I just get so overwhelmed and confused when I hear that so many people don’t read anymore, and I get panicked and desperate when M tells me that his students at school are hard pressed to even read their assigned passages, let along deign to pick up a novel outside of class.

I even get anxious worrying over whether I’ll die not having read all the books I want to read.


I just want to create a place where everyone can live peacefully, and where I will read to them from Thomas King, and Neal Stephenson, and Robertson Davies, and Hanif Kureshi, and Gunter Grass, and Terry Pratchett, and George R. R. Martin, and Richard Russo, and, Michael Palin, and Hunter S. Thompson, and Gene Wolfe, and J. R. R. Tolkein, and Robert Heinlein, and Richard Matheson, and Ray Bradbury, and P.D. James and well, this list grows ever long, and I’m sure, your patience short.

One day I will find the Dolphin Hotel

My great friend A gave me my first Murakami book this year for my birthday. A Wild Sheep Chase is gut busting hilarious, and heart breakingly sad. Reading it alone set in motion my newest “author” fixation, and I have blown through a good portion of his works to date.

So now, I sit (please consult the above picture for the exact positioning), reading his latest tome, and I am so inspired, and intimidated, and just plain breathless by what an extraordinary work it truly is.

I am trying to take it slow, to savour the process, each page, each line, each word, each letter.

But it is hard. So very hard.

I have around three hundred pages left, and I am sure to be done before I know it. I am sure that I too, like the characters in the book, will be living in a slightly altered world, because of this work.

So with this, I can’t help but say: “Bring it Murakami.”

Bring it.

Welcome to Rant and Roll!

Why hello there!  Welcome to Rant and Roll, a new blog project by Ethel the Dean.

I am a twenty-something Canuck, who divides her time between the two Canadian coastlines.  My passions are many and all encompassing.  And it is my passion – for politics, literature, sports, fashion, media, humour, history, pop culture, and of course, the written word – that ensures there are times in my life where I feel overwrought, indeed almost paralyzed with the need to express these thoughts, to subdue the panic, or at least ride out the wave.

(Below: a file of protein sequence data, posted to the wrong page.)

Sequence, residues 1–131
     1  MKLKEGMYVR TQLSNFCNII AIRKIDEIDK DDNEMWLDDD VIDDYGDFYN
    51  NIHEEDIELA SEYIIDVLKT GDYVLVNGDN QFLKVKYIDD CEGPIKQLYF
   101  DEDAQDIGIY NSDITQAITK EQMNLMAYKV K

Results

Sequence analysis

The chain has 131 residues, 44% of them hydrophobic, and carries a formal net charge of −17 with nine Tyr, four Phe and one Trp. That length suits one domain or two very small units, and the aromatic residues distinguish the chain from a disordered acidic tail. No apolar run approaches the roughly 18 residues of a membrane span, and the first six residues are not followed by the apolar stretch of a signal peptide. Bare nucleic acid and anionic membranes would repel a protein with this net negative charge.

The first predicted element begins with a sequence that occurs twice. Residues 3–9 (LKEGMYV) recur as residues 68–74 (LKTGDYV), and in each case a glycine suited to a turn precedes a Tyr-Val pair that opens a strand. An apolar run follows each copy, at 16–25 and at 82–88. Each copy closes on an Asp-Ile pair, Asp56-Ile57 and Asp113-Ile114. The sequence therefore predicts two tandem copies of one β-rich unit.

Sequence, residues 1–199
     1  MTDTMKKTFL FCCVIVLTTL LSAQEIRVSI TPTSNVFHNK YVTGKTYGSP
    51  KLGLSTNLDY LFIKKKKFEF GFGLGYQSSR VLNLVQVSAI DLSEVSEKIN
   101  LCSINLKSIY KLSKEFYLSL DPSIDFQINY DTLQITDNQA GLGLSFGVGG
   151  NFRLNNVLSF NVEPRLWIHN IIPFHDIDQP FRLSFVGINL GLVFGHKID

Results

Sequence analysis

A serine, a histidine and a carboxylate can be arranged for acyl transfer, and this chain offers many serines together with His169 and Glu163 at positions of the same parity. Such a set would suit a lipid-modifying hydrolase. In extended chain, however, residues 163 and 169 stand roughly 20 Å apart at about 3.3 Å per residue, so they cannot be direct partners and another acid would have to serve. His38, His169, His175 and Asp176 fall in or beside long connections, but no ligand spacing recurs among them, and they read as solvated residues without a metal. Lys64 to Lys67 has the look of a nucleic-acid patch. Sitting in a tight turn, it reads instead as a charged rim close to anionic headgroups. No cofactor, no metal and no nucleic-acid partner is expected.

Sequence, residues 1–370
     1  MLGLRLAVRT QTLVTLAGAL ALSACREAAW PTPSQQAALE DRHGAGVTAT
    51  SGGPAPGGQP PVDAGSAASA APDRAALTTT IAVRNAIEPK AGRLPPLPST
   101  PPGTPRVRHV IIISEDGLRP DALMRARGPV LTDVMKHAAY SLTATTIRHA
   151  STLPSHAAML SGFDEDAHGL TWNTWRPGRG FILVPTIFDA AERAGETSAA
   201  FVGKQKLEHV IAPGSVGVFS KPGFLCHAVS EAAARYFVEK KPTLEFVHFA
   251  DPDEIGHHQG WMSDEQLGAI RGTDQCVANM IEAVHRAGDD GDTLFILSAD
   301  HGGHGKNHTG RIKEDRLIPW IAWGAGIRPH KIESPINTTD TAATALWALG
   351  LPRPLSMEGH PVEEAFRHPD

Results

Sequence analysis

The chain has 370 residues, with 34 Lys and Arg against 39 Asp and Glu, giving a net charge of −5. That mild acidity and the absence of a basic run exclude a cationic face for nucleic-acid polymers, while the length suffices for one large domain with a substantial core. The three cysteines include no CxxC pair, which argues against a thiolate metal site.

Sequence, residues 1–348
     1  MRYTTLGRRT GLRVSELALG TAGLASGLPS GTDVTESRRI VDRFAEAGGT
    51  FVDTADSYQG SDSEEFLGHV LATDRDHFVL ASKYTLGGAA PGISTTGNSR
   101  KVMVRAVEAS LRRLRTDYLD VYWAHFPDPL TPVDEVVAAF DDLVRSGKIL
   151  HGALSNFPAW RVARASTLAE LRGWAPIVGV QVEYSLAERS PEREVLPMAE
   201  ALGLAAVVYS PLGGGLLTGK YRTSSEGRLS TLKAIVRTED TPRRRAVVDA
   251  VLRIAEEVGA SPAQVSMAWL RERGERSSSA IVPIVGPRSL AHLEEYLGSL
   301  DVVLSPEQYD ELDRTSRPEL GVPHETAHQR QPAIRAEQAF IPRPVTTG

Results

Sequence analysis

HOWEVER, as I am continuously weary of coming across as a shrill harpy, I take extra care to punctuate my discourse with as much humour as possible.

And of course sometimes the thoughts spilling forth from my brain are anything but eloquent, sophisticated or educational.  Sometimes I’m just plain weird.  And I may or may not jump to conclusions – say, about how much you, dear reader, may have in common with me, the giant weirdo.  For instance:

Do you remember that time you spent an entire weekend watching episodes of MI-5 and then spent the next week pretending that Matthew MacFayden was watching you have sex with your husband, because even though the idea of having actual sex with Matthew MacFayden is hot as hell, your internalized concept of fidelity wrecks terrific havoc with your stupid and fairly lame fantasy life?  Or the time you decided you could no longer go running with your ipod because a serial killer was going to run you over coming out of his drive way and there would be nothing you could do because the music blocked the sound of his murderous, murderous tires?  Or that day that octogenarian hip-checked you into that garbage can as he made his way to the bus stop, in an effort to ensure his passage on transit while simultaneously blocking yours?  Or the time you were so enraged by what you heard on your local sports radio station you could hardly sleep for two days, an experience that culminated in you and one of your best friends discussing the endemic sexism in hockey culture, nay, athleticism in general, on another local station (bringing the whole situation full circle in some strange, but oddly poetic way?)


No?  Damn.

Okay, to be specific, I have much too much unchecked, frenetic energy circulating throughout my body, and at any given time I feel as though I am about to jump to my feet and begin waxing eloquent on how important it is for CBC to finally bring back Double Exposure, like, NOW.  However, I’m like to believe that no one actually likes a spontaneous pontificator, much less one whose references are at least fifteen years old.

Hence, the blog.

Here at Rant and Roll I’ll do my best to entertain.  Looking at issues close to my heart, whether serious or silly, important or impetuous,  I’ll prod, poke – perhaps even provoke – and please, always feel free to join the discussion.  Make yourself at home and feel free to check up on ol’ Deaner here in the coming weeks and months to come.  Supervision around these parts is never discouraged.